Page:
Next week marks the 20th anniversary of the enactment of the federal Family and Medical Leave Act. This bill and the California Family Rights Act have provided millions of workers with greater protections in the workplace so that they can take care of their newborns and other family members without having to worry about the status of their employment.
Although family leave laws protect many workers in Los Angeles, these laws can be complex and confusing, and not all workers are protected under the FMLA and the CFRA. Some employers might tell workers that they are not protected under these laws when employees really are protected, which might cause some workers to lose their jobs under illegal circumstances. In other situations, employees might feel forced to continue working instead of taking time off of work for a medical condition or to care for a family member when they are wrongly informed about their rights and protections in the workplace.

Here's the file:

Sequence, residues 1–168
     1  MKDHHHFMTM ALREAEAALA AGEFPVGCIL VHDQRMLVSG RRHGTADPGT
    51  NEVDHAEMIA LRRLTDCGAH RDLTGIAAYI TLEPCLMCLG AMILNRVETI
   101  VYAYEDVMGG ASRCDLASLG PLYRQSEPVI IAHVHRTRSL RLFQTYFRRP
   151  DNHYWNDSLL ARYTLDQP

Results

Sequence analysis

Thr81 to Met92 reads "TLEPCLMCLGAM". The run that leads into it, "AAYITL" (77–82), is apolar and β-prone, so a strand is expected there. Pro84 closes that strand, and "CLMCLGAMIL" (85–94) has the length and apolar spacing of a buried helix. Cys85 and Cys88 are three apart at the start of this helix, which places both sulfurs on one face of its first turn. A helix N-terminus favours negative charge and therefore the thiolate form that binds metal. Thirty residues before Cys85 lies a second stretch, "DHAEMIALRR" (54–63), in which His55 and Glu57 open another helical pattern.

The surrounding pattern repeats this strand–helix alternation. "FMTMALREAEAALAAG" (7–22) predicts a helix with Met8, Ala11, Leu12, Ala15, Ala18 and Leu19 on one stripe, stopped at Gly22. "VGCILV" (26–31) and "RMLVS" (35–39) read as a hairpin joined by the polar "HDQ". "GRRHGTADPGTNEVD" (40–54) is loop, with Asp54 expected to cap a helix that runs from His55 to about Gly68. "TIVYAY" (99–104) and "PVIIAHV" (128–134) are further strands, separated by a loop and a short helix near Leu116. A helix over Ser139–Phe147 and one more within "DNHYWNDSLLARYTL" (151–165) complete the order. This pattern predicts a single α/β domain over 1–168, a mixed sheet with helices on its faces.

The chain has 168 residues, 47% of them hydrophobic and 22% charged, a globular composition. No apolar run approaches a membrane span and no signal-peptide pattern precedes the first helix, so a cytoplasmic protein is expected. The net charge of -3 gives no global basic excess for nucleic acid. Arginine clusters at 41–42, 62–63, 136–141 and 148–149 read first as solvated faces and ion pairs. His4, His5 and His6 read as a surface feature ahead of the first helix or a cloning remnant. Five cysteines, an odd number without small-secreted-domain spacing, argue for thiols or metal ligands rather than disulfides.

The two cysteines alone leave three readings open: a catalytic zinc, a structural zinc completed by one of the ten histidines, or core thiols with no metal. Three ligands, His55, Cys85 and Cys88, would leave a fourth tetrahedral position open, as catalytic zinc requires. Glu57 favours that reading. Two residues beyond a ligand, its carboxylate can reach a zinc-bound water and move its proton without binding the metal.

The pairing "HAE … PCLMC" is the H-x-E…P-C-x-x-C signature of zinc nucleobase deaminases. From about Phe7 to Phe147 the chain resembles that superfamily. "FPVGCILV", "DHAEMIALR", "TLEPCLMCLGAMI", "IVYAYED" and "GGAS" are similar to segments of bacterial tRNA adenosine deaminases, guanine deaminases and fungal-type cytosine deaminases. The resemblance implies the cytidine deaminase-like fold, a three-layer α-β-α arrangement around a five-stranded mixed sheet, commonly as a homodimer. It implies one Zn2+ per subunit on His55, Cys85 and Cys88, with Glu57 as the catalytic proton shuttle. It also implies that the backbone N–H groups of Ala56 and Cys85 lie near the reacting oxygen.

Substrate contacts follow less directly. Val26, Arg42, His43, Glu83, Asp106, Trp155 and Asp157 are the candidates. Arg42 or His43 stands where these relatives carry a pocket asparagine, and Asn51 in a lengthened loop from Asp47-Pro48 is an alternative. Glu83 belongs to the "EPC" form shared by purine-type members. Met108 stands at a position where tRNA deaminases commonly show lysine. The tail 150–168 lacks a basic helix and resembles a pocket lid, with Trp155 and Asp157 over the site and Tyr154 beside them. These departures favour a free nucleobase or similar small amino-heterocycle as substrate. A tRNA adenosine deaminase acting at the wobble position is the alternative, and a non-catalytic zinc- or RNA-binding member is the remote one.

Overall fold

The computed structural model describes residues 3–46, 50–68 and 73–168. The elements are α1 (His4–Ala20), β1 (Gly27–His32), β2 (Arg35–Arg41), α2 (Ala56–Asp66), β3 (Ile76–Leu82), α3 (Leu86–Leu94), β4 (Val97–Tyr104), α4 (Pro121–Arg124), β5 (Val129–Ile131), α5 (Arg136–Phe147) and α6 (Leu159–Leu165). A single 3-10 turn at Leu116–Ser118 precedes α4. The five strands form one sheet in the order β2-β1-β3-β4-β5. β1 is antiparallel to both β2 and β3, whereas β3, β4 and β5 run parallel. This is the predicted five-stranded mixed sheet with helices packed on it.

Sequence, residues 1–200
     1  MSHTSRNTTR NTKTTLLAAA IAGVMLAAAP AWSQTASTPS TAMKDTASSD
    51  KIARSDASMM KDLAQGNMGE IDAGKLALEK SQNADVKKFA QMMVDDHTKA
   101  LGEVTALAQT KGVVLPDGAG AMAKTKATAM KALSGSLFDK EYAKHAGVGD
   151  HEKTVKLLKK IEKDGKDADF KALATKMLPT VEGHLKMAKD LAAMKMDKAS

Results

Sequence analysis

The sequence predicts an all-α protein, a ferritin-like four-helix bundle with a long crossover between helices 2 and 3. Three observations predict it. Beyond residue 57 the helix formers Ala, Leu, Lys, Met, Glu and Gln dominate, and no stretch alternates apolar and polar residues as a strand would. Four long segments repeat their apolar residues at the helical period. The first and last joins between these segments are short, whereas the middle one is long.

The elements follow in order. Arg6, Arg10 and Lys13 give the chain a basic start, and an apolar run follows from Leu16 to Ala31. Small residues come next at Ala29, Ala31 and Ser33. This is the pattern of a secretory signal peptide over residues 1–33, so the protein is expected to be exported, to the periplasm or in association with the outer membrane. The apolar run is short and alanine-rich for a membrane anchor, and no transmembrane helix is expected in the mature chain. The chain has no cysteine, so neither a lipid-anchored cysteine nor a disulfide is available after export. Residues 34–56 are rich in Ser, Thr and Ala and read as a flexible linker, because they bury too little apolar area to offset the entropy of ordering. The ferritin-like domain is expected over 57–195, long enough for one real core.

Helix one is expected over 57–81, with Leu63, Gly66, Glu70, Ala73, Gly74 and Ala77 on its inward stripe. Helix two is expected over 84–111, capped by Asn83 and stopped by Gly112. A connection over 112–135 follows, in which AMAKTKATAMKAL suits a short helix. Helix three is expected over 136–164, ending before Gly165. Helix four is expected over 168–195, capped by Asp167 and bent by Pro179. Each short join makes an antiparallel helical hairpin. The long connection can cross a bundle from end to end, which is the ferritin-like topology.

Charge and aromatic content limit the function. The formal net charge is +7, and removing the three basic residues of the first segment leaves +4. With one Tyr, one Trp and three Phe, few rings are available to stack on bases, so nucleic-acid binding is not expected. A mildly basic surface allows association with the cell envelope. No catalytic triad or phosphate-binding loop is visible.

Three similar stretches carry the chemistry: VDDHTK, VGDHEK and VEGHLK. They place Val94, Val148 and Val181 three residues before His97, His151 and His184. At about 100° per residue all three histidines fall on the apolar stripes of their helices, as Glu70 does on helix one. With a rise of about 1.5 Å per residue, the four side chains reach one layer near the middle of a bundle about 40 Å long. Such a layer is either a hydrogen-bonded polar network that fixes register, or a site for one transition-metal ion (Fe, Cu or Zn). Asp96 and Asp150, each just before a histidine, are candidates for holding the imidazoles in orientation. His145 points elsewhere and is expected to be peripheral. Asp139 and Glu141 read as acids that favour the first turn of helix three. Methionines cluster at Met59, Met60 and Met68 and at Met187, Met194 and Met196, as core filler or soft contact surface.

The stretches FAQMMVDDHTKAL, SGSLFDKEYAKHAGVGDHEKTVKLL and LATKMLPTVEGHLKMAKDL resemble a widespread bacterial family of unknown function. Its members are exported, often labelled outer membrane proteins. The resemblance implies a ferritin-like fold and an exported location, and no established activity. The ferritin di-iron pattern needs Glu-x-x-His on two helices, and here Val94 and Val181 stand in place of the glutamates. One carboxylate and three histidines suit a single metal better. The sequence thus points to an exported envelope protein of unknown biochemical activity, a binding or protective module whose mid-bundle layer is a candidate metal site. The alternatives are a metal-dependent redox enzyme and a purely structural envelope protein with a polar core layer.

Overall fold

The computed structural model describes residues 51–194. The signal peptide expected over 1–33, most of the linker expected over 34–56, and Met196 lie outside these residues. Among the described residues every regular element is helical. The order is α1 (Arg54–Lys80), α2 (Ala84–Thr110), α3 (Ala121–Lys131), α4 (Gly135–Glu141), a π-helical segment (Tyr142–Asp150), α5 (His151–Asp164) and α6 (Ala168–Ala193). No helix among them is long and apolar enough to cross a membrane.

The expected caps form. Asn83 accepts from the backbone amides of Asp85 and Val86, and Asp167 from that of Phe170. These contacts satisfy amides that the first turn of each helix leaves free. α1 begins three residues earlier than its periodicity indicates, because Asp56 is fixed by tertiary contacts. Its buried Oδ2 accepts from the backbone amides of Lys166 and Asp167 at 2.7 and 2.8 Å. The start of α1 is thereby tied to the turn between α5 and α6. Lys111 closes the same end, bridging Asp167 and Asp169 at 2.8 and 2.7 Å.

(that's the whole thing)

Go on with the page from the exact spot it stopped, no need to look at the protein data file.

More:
Under federal leave laws, employees who work at companies that employ 50 or more workers may be eligible to take up to 12 weeks off of work during the year for a serious illness or to care for a new child or to care for an ill spouse, child or parent. Typically, workers must be employed by a company for at least one year before they are eligible to take advantage of family medical leave laws. It is estimated that about one out of every four workers in the U.S. is covered under FMLA protections. Workers in California may have additional protections under the CFRA.
When employees have reason to suspect that their rights have been violated under state and federal family leave laws, employees may want to consult an attorney in order to ensure that their rights remain protected. Workers who are protected under state and federal leave laws should be able to take advantage of these protections when necessary so that they can care for their family members without having to worry about not having a job to return to. And workers should not have to sacrifice these rights for fear of being retaliated against in the workplace or from being terminated.
Source: StarTribune, “